Book review: Cash-Rich Retirement
Do you need a kick in the pants to get you saving for retirement? Do you need someone to wave their arms and run around screaming that your whole future is at risk, in order to motivate you to put some serious money aside and take the time to learn how your 401(k) works? If so, this is the book for you.
It's fascinating to read this book in conjunction with Work Less, Live More, which I checked out of the library the same day.
Where that book goes way beyond the classic notion of retirement at age 65, suggesting that not just retirement, but early retirement, is readily available to almost anyone--if they're willing to live frugally and maybe keep on doing a bit of work on the side--this book is the complete opposite.
Schlagheck scarcely talks about early retirement, and it doesn't even seem to imagine that anyone might do any work to earn money after they retire. It's all about straight-up retirement: You work to retirement age, and then you quit. And, it warns, if that's your plan, you may be in for an unpleasant surprise. Not only is your retirement in "grave danger," the whole system of retirement is on the verge of being a failed experiment.
Schlagheck sees two sources of danger.
The first is the "coming demographic storm" of baby boomers all getting set to retire at once. Not only are they all going to want to get their social security payments at once, they're also going to be taking their pensions (from old-line businesses and from state and local governments) at once. Plus, they're all going to stop accumulating investments, and switch to selling them instead. With everyone trying to get their money at once, Schlagheck sees a real danger that they won't all succeed.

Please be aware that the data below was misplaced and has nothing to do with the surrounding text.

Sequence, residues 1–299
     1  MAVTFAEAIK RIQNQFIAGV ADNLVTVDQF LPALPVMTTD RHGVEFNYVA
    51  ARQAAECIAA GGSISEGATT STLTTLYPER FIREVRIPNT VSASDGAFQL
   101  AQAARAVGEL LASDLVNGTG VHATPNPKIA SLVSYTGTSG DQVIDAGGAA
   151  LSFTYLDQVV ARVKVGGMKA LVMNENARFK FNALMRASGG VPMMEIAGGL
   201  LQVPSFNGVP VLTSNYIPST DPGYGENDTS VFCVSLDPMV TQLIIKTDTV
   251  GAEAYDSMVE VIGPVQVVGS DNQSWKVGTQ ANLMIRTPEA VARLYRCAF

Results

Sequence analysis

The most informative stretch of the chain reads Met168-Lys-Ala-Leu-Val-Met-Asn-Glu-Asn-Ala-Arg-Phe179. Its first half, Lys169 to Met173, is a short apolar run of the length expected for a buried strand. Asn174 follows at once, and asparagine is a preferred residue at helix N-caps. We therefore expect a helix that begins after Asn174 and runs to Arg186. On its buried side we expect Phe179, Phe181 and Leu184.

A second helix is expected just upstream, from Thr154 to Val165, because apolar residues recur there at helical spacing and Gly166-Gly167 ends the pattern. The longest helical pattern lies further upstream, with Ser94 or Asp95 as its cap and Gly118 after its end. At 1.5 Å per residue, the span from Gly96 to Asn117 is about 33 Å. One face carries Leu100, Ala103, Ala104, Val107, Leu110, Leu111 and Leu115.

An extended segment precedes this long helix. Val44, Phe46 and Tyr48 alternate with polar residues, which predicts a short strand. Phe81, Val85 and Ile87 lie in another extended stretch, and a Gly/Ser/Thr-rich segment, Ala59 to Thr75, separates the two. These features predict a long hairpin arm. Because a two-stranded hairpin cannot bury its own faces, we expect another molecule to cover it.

The second is a set of foolish ideas about investing. You cannot, he says, safely rely on capital gains for your investment returns; reliable long-term returns are largely going to come from income: dividends, interest, and rents. In addition, you can't get adequate diversification simply by dividing your investments among American companies of different sizes (a generous helping of S&P 500 seasoned with some mid-cap and small-cap funds). You need to diversify both internationally and among asset classes (stocks, bonds, REITs, etc.).
I actually agree with most of what Schlagheck says, especially about his focus on income in your investment portfolio and on the kinds of investments you ought to be focusing on. In addition to the excellent chapters on investing, he's got a good chapter on health insurance, some interesting thoughts on long-term care insurance, and lots of good detail about complicated subjects like annuities (that aren't so well covered other places).
Where I have a problem is in the way he's trying to work the reader up into a tizzy. The book could not have been printed before the digital age, because in the days of metal type the printer would have used up his entire supply of exclamation points before getting halfway through the manuscript. Every page is splashed with italics warning you of a threat or urging you to action. The repeated exhortations to "save, save, save" become wearisome, and the drumbeat warning that your retirement is in danger don't become more compelling with repetition.
Still, if you or someone you know is just blithely assuming that retirement will take care of itself, a wake-up call like this may be just what you (or they) need. The information is right on, even if I got an unusually vigorous workout for my eye-rolling muscles as I plowed through the cautions, dangers, perils, warnings, and urgent urgings.
For the right person, though Cash-Rich Retirement by Jim Schlagheck is a fine book. Excellent content. Just a little strident for my tastes.
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